Lance Corporals Blake (Dean-Charles Chapman) and Schofield (George MacKay) are given a mission impossible: cross the deadly no-man’s land and infiltrate the enemy lines to call off a planned attack that would send a battalion of 1600 men into a meat grinder in “1917.”

Laura's Review: C+

In the British trenches bordering No Man’s Land, General Erinmore (Colin Firth) has learned that the Germans’ retreat is actually a ploy to ambush a planned attack by the 2nd Devons, one which will guarantee a massacre. Lance Corporal Blake (Dean-Charles Chapman, "Blinded by the Light") is directed to find another man to accompany him to cross enemy territory and deliver a message to call off this attack, potentially saving 1,600 British soldiers including his older brother (Richard Madden, "Rocketman"). Blake taps Lance Corporal Schofield (George MacKay, "Pride," "Ophelia") and the two begin a perilous journey in “1917.”

Director Sam Mendes ("American Beauty," "Skyfall") racks up his first screenwriting credit (with 'Penny Dreadful's' Krysty Wilson-Cairns) by condensing his grandfather Lance Corporal Alfred H. Mendes’ war stories into one epic journey. The film has many standout moments, but Mendes’ decision to film this (by revered veteran cinematographer Roger Deakins) as a virtual one take à la “Birdman” turns his movie into a videogame where our heroes move forward across a varying landscape stopping for episodic incidents to unfold. In one instance, this tactic is so illogically plotted that Blake and Schofield grapple with the crash landing of a German dogfighter and its pilot at a farmhouse only to discover seemingly oblivious British troops right behind it in the next ‘scene.’

Blake is the immediately likable one of our pair of soldiers, bravely determined to save his brother and other fellow soldiers, his open face innocent and hopeful. Schofield is far more reluctant, considering the mission a near death sentence, resentful of being tapped by Blake. Their muddy advance across No Man’s Land is a horror of barbed wire and the rotting corpses of men and horses (at one point, Schofield puts down his hand to balance himself – right through a dead man’s chest cavity).

Once they’ve made it, they send up the flare requested by York commander Lieutenant Leslie (Andrew Scott), the last man they’d seen before leaving the trenches, then enter the far more sophisticated underground tunnels abandoned by the Germans. Surviving a trap laid by the departing enemy brings the two closer together. Before that message makes it to Colonel MacKenzie (Benedict Cumberbatch), there will be encounters with devastated farms, an unmilked cow, a blown out bridge, a lone sniper and Lauri (newcomer Claire Duburcq), a terrified Frenchwoman caring for an abandoned baby in a German held town. Other British troops assist along the way, Captain Smith (Mark Strong, in a notable, understated yet compassionate performance) warning that their message be delivered with a witness, MacKenzie’s gung-ho, full-speed-ahead attitude another potential obstacle.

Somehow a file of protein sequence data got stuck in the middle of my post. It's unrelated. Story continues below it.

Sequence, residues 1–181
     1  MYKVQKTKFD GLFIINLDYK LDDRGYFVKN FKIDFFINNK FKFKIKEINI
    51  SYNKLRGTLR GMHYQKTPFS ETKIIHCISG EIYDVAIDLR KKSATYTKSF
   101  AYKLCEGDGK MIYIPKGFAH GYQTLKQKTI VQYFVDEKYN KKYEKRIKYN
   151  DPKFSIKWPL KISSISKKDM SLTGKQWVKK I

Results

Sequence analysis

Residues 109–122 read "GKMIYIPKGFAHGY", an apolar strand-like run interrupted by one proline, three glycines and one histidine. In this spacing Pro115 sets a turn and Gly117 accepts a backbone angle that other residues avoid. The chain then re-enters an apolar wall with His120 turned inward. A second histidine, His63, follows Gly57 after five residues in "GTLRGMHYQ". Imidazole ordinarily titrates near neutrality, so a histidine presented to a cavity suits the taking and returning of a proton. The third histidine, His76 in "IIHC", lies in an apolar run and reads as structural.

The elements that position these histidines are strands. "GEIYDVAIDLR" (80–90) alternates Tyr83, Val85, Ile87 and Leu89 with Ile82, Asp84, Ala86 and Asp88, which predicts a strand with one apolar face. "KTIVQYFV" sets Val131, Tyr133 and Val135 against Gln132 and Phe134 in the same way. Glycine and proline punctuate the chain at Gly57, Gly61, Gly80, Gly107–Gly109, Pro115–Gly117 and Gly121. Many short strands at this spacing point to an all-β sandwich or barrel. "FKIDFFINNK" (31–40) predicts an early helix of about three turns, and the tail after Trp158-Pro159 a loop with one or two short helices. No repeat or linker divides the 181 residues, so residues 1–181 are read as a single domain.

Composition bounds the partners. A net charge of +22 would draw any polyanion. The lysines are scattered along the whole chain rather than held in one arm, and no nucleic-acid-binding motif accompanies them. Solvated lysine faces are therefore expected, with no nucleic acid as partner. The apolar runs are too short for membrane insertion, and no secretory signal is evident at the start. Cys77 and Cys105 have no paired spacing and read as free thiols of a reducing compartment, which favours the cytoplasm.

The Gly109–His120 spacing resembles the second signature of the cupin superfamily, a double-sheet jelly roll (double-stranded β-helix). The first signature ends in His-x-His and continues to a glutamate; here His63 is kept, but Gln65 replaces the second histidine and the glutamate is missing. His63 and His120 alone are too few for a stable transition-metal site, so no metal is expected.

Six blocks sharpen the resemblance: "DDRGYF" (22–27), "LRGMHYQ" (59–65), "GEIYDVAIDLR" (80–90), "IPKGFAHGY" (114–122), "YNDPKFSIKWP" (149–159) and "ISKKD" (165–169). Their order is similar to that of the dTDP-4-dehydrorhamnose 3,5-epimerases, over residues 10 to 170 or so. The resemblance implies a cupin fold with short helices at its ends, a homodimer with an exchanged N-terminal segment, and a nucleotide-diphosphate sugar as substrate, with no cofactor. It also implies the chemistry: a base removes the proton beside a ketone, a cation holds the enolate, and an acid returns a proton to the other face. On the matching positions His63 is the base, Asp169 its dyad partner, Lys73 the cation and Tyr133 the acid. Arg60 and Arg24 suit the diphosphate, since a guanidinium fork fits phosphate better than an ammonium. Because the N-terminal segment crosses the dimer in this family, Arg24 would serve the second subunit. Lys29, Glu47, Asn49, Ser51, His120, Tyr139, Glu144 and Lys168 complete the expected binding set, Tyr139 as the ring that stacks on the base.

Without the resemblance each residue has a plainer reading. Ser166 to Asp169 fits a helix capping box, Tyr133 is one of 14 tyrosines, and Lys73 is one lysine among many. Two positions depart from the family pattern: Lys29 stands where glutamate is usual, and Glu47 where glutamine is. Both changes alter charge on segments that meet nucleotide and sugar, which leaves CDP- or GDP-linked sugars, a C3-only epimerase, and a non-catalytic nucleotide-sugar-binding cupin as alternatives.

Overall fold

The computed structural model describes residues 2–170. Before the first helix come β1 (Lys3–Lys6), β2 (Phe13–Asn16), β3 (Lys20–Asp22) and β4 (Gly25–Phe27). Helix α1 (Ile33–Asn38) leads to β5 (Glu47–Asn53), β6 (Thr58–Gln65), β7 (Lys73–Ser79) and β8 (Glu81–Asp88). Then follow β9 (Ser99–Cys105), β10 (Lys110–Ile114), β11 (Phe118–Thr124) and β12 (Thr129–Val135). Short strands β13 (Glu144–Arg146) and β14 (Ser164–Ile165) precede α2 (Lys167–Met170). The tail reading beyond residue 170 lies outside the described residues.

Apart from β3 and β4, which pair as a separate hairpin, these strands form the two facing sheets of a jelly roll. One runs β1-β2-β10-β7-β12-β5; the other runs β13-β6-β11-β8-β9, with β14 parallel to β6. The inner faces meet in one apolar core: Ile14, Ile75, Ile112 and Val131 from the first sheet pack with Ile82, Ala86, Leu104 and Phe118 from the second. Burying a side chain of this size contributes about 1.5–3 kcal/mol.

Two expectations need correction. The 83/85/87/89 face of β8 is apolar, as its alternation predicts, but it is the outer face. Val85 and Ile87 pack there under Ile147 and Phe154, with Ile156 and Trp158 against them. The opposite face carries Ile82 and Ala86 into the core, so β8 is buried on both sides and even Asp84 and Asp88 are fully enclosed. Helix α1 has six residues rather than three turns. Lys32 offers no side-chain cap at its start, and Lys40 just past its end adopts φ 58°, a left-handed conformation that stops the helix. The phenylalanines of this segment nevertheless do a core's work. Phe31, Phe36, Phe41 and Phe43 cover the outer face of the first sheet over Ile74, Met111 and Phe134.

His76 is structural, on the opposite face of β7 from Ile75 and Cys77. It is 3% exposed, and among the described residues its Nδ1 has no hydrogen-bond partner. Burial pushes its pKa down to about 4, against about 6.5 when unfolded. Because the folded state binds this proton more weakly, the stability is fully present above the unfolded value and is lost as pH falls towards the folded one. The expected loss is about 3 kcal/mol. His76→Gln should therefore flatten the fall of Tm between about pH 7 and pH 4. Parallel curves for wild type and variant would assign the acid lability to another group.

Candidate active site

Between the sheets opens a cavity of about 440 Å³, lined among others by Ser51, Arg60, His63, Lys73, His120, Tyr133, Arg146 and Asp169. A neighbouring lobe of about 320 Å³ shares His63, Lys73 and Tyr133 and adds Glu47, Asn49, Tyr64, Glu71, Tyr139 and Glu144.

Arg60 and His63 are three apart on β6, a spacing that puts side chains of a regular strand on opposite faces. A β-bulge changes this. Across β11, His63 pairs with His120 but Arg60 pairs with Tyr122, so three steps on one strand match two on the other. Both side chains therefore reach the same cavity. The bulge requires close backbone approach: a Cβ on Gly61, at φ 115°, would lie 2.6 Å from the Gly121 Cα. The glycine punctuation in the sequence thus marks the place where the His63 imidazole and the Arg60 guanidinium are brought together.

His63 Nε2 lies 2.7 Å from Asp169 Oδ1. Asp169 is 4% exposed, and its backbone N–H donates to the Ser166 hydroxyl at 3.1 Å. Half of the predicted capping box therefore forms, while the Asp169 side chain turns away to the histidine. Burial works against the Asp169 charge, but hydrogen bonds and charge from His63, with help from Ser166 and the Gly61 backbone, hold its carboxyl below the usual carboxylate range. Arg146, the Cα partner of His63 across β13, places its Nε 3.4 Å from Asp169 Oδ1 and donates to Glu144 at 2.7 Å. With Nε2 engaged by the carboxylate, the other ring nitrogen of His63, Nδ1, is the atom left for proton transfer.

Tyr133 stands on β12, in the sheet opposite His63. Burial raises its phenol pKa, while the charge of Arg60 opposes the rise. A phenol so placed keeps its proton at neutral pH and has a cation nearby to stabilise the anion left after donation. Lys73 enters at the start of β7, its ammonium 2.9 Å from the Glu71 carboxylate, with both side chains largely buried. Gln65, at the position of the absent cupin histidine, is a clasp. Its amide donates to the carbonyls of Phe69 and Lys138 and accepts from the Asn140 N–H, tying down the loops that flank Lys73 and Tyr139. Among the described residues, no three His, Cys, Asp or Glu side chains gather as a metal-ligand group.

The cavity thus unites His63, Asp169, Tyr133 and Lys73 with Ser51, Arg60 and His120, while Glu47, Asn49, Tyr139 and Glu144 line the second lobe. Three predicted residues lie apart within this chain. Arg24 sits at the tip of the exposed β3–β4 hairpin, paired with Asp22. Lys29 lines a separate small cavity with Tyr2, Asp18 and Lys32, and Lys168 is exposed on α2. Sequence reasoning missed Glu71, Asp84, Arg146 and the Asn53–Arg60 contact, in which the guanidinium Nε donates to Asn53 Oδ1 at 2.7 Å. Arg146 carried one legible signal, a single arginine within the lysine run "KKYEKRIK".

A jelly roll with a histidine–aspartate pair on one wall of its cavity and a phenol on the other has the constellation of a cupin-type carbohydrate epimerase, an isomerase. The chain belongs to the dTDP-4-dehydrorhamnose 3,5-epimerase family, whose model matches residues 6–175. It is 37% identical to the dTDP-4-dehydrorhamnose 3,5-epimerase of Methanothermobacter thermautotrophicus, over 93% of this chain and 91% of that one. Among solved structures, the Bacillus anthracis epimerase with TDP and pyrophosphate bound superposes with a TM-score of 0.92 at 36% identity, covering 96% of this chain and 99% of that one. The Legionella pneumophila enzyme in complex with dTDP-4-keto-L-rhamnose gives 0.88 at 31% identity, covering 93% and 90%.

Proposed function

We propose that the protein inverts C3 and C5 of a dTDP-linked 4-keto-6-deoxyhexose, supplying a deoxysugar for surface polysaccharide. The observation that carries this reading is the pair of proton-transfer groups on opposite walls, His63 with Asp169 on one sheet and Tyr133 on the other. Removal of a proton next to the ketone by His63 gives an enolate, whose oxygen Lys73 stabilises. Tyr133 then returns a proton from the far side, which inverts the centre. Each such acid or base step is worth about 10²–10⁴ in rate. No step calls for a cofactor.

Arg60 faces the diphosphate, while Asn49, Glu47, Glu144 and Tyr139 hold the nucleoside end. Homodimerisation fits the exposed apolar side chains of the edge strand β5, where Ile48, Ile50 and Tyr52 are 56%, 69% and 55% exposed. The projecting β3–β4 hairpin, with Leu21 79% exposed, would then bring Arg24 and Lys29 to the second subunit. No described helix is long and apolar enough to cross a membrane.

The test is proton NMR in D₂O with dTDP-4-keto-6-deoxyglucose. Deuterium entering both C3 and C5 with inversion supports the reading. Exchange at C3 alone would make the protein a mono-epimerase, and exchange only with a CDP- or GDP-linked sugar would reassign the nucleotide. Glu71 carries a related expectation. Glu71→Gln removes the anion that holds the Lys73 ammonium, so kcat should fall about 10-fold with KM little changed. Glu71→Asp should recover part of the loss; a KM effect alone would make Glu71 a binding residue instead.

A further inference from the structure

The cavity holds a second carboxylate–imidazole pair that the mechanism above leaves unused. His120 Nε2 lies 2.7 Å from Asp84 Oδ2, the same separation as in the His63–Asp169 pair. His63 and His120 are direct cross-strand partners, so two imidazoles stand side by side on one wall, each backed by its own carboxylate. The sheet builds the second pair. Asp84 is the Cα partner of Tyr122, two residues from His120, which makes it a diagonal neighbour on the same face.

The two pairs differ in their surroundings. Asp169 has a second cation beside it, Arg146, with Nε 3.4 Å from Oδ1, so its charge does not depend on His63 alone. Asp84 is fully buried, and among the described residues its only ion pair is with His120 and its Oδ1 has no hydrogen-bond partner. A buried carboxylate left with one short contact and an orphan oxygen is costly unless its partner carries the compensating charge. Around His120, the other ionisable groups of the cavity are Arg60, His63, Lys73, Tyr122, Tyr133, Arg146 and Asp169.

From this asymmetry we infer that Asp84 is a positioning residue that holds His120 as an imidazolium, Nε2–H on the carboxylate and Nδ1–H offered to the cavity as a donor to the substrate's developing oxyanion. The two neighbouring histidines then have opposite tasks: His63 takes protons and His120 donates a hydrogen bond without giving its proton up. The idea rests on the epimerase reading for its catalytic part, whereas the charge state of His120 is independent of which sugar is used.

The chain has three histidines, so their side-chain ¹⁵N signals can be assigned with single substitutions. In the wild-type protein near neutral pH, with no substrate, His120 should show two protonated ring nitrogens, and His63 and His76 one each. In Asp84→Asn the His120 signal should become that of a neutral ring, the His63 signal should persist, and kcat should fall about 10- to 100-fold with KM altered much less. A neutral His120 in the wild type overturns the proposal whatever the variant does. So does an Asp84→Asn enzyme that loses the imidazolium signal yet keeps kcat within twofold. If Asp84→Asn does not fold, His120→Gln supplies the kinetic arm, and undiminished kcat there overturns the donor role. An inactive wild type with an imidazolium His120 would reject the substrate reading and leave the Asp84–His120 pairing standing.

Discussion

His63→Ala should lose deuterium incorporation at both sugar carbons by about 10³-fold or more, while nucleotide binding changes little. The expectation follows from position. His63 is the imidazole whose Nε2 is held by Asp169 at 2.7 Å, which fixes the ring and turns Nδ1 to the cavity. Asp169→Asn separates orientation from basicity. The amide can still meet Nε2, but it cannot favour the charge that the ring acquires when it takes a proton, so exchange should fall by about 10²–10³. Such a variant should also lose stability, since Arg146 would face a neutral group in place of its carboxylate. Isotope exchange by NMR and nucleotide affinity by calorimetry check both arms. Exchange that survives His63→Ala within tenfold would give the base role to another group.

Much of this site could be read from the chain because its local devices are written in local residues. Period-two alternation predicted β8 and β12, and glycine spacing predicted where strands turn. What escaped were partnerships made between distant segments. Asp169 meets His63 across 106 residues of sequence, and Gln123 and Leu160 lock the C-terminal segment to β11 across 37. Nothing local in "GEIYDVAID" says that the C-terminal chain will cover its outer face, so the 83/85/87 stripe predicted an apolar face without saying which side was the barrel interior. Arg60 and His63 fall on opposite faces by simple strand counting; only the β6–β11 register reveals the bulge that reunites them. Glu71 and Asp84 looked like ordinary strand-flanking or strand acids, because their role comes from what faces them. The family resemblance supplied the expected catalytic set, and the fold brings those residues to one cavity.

Mendes’ overall concept is reminiscent of Peter Weir’s far superior “Gallipoli,” another WWI epic about two messengers who try to avert a senseless slaughter. While recognizing the technical challenge Mendes presented himself, Deakins and his actors, the one take device calls too much attention to itself, however well Deakins pulls it off (editor Lee Smith cuts the 7-8 minute takes together seamlessly). Thomas Newman’s orchestral score is quite lovely, evolving from quiet emotion to grandeur and back again.

With the exception of MacKay’s deft 180 degree character arc and an admittedly moving final act, “1917” left this critic chilly.

Robin's Review: B+

Director Sam Mendes based the screenplay, co-writing with Krysty Wilson-Cairns, on accounts told to the helmer by his paternal grandfather, Alfred Mendes, and his experiences during the Great War. Here, two young soldiers must face death on the battlefield to save what could be a truly lost battalion, one of whom is Blake’s brother. As such, “1917” is both a heroic mission to save lives and the tale of the epic, dangerous journey faced by our two heroes.

The technical draws to “1917” are several, including realistic depictions of trench warfare that are incredibly and accurately detailed. The duo face great risk traversing the battlefield – though the sound of rifle fire is only in the distance for the first hour, artillery explosions are ever-present – and are observers of the carnage of the WWI battlefield. But, their mission is critically important as they must race against the clock to stop the attack in time, ramping up he story’s urgency.

But this all would be a pretty conventional war flick except for the film’s tour-de-force technical achievement. The filmmakers, with the magic of long takes and deft editing, effectively give the illusion of a single, 119 minute take. At first, the dizzying and manic movement of the camera is a bit disconcerting but, as we get to know the two characters, the “single take” begins to flow with the battle action.

“1917” is a straightforward war story that is scaled to visually epic proportions. Techs are exemplary and, besides the two leads, the cadre of character actors, like Mark Strong as the officer giving the two soldiers their potential death warrant and Benedict Cumberbatch as the commander of the endangered battalion, give their cameo roles substance